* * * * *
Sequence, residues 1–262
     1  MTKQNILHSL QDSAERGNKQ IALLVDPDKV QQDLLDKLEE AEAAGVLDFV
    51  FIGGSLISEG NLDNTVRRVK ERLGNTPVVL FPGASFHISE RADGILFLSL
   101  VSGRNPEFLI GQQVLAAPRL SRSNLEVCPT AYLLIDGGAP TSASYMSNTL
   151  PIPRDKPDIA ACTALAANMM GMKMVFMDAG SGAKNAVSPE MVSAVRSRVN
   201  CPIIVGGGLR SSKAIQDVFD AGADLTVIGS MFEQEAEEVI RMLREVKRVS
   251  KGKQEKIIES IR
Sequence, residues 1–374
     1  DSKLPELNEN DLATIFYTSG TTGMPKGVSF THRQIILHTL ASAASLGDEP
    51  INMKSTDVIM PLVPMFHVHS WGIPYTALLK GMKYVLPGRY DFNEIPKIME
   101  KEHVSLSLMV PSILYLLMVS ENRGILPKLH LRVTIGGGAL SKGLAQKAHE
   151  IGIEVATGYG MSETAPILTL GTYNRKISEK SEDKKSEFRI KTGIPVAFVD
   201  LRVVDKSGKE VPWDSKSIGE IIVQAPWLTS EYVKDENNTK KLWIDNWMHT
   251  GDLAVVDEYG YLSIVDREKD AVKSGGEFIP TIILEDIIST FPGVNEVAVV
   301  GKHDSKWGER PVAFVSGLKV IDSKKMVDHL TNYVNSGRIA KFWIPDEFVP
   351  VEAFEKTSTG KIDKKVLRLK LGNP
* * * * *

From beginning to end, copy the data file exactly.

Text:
Sequence, residues 1–262
     1  MTKQNILHSL QDSAERGNKQ IALLVDPDKV QQDLLDKLEE AEAAGVLDFV
    51  FIGGSLISEG NLDNTVRRVK ERLGNTPVVL FPGASFHISE RADGILFLSL
   101  VSGRNPEFLI GQQVLAAPRL SRSNLEVCPT AYLLIDGGAP TSASYMSNTL
   151  PIPRDKPDIA ACTALAANMM GMKMVFMDAG SGAKNAVSPE MVSAVRSRVN
   201  CPIIVGGGLR SSKAIQDVFD AGADLTVIGS MFEQEAEEVI RMLREVKRVS
   251  KGKQEKIIES IR
Sequence, residues 1–374
     1  DSKLPELNEN DLATIFYTSG TTGMPKGVSF THRQIILHTL ASAASLGDEP
    51  INMKSTDVIM PLVPMFHVHS WGIPYTALLK GMKYVLPGRY DFNEIPKIME
   101  KEHVSLSLMV PSILYLLMVS ENRGILPKLH LRVTIGGGAL SKGLAQKAHE
   151  IGIEVATGYG MSETAPILTL GTYNRKISEK SEDKKSEFRI KTGIPVAFVD
   201  LRVVDKSGKE VPWDSKSIGE IIVQAPWLTS EYVKDENNTK KLWIDNWMHT
   251  GDLAVVDEYG YLSIVDREKD AVKSGGEFIP TIILEDIIST FPGVNEVAVV
   301  GKHDSKWGER PVAFVSGLKV IDSKKMVDHL TNYVNSGRIA KFWIPDEFVP
   351  VEAFEKTSTG KIDKKVLRLK LGNP